The President appeared with a collection of CEOs of major companies - Walmart, Target, CVS, Walgreens - who are all onboard to cooperate in the effort. I don't believe our society has been this united in purpose since the 9-11 attacks.

I find it ironic our society is normally fractured into interest groups which only pull together when we are attacked by some outside actor. That's what it takes to put all of us on one side, fighting together against some external enemy, in this case a virus.

The upside is that when we do coalesce against an external enemy, we experience some of our finest hours, borrowing a felicitous phrase from Winston Churchill.

China Is a Petri Dish

While I’m thinking about Covid-19, let me have my say about whether calling it the “Wuhan virus” is somehow “racist.” The answer is no.

Having visited China on several occasions, it doesn’t surprise me the country spawns new and uglier diseases. I remember vividly visiting a Chinese “teaching hospital” in a group of four tourists which also included the other DrC, a western physician, and his friend, a hospital administrator.

In this ‘esteemed’ institution there were near-full spittoons in the hallways and dried mucus on the walls above them where people had missed. You could smell the toilets several doors down the halls. And the staff proudly displayed an iron lung, which our young physician had only heard about, never seen.

On that same trip, I saw a tour boat busboy washing dishes in the same Li River into which the boat’s toilets emptied. It didn’t do much for my appetite.

To this cultural indifference to microorganisms, add a cuisine which includes nearly everything plant or animal that’s not immediately poisonous. The result is a near-perfect incubator for cross-species transfer or “cross pollination” of disease organisms.

In short, I’m never surprised when a new disease surfaces in China. It isn’t racist to be critical of Chinese sanitary practices or the resultant diseases. China is an enormous Petri dish.

About Civil Service

We’ve written about the problems with FDA and CDC bureaucracies holding up responses to the Coronavirus. This a.m. John Hinderaker of Power Line has more on this issue. Before this pandemic is over we’ll read a lot more on the subject.

If you’ve not worked in the Federal bureaucracy, as I’ve done on two occasions for a total of roughly 3 years, you may have trouble understanding how these functionaries get so bogged down. It has to do with the reward-and-punishment matrix in FedGov civil service.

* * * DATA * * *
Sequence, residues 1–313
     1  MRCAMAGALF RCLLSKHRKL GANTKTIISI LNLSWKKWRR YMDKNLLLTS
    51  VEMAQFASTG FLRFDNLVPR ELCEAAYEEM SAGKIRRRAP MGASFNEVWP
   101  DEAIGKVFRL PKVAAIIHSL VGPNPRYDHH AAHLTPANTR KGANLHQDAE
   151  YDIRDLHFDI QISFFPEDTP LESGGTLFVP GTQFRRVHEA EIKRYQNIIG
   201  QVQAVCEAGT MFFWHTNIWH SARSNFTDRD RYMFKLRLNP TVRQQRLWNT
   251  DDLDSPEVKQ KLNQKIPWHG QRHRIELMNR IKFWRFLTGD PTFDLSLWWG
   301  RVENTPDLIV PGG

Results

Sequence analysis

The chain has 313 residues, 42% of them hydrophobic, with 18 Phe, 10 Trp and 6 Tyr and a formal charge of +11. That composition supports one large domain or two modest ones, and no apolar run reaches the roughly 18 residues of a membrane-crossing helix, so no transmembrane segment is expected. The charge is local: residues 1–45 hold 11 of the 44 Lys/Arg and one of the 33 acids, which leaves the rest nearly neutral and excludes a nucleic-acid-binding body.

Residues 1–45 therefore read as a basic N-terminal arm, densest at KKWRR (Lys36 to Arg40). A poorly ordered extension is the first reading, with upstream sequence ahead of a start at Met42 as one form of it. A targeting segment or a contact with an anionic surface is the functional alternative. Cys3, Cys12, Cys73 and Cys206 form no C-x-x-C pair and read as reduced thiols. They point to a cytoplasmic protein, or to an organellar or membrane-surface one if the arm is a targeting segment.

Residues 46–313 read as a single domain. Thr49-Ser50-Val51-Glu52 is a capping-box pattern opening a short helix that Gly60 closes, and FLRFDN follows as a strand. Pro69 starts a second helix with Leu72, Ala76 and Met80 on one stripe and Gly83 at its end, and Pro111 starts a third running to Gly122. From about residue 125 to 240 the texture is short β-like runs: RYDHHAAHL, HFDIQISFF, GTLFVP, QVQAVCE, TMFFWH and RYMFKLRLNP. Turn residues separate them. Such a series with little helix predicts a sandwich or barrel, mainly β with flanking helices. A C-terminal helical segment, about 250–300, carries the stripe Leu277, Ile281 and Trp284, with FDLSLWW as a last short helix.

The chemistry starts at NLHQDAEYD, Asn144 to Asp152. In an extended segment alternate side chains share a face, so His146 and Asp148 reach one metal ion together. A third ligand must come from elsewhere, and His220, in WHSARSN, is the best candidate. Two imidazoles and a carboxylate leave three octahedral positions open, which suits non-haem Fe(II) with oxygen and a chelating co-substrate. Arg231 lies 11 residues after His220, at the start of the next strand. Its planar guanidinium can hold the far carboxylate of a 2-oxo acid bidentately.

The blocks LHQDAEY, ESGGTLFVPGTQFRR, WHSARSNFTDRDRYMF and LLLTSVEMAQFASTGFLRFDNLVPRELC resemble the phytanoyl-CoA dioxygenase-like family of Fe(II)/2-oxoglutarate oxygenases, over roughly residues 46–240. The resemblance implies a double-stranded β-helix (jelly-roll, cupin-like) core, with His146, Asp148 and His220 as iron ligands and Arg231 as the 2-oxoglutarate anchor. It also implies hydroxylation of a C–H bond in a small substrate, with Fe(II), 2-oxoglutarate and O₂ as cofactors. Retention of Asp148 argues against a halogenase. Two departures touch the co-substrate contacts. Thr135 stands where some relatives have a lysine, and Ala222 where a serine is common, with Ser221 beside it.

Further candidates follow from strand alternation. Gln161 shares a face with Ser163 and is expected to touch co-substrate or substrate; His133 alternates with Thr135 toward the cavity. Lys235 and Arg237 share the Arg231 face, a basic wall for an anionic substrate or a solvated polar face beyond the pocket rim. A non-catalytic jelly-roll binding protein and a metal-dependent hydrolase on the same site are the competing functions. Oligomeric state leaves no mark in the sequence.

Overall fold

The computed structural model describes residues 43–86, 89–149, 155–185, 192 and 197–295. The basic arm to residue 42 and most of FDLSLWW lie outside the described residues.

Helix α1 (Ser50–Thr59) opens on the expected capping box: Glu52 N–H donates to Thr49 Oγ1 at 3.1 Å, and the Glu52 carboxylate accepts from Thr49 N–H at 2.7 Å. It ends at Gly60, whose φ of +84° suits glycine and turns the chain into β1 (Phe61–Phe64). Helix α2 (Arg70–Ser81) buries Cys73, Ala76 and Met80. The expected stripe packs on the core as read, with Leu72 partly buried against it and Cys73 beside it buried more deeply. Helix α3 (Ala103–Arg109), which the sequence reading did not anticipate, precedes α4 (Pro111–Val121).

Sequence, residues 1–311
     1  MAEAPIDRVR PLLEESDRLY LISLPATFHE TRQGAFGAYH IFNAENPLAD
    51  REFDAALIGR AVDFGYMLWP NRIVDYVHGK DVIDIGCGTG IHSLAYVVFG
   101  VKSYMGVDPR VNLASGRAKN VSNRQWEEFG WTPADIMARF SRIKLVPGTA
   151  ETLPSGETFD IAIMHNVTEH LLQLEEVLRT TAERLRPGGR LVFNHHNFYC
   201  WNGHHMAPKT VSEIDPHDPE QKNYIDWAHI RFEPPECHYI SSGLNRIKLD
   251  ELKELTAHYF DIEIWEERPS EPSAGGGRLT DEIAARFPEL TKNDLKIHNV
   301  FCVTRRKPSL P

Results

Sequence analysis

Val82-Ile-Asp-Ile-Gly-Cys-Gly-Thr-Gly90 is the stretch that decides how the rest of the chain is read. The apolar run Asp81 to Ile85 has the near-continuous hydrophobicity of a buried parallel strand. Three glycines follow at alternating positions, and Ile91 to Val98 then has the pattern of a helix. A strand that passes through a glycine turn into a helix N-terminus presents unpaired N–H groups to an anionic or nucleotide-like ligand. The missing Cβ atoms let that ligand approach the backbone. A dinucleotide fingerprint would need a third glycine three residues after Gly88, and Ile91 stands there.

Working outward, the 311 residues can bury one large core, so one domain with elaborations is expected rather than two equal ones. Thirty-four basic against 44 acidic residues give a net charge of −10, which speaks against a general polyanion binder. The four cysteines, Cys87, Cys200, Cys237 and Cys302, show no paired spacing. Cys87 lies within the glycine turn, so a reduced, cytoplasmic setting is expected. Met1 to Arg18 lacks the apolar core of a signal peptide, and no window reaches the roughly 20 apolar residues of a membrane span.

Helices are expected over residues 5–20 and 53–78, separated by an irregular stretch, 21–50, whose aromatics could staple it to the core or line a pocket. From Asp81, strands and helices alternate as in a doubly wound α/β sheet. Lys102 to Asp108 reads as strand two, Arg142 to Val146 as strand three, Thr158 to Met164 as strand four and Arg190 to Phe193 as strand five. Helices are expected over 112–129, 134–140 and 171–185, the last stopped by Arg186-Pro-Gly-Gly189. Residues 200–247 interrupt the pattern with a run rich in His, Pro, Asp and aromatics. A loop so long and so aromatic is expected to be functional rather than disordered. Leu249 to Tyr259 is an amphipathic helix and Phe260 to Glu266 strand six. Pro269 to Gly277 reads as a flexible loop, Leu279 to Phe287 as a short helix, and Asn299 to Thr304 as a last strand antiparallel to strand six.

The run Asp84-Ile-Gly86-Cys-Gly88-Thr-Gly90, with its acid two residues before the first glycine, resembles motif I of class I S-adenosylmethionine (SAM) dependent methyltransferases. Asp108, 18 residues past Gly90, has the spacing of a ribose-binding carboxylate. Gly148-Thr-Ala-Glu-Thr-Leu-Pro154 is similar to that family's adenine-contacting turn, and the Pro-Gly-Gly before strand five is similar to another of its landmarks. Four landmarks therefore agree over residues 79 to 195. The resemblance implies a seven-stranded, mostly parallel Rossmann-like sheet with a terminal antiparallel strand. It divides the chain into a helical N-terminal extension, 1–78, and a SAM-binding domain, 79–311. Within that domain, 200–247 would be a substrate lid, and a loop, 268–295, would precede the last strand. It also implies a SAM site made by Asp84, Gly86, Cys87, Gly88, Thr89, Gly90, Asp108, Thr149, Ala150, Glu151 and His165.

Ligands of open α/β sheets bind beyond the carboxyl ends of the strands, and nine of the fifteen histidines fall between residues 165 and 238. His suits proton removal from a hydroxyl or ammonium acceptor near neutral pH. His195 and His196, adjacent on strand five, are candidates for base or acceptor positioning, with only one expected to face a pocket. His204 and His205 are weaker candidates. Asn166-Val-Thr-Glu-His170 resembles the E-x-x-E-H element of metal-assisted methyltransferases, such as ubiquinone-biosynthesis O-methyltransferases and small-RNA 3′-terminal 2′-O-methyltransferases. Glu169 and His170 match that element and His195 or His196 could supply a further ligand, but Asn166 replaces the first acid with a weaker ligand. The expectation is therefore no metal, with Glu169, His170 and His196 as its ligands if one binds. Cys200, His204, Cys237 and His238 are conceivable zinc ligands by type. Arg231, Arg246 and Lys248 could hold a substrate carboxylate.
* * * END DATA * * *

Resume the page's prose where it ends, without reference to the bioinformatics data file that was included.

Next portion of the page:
No civil servant gets punished for being too cautious, too careful, too closely hewing to the written policies. On the other hand, rewards for taking initiative and risk in pursuit of big achievements are doggone scarce.

In other words, as long as you follow the rules, even if the outcome is bad, your career is unharmed, you’ve CYA’d. If you break or evade the rules to accomplish something major, and your deviation proves useful, you get maybe a pat on the head, or maybe a jealous colleague nails you for rule violations.

It is a system that does not much reward, but often punishes, initiative or out-of-the-box thinking. Ergo, little initiative is taken. Folks plod along for 30 years ‘turning the crank’, following rules and then draw their pensions.

Routine responses normally work “okay” for routine circumstances; for black swan events like this pandemic, not so much. It is a design flaw, but perhaps an inevitable one.

Later ... See also this just-posted Steven Hayward column at Power Line which adds another supporting incident re the bureaucratic bumf we’ve experienced with Coronavirus.

Swamps Are Unhealthy

Instapundit quotes the following from The New York Times' discussion of the serious lack of Covid-19 testing materials, the article lurks behind the NYT paywall.
After problems arose with the C.D.C.’s test, officials could have switched to using successful tests that other countries were already using. But the officials refused to do so, essentially because it would have required changing bureaucratic procedures.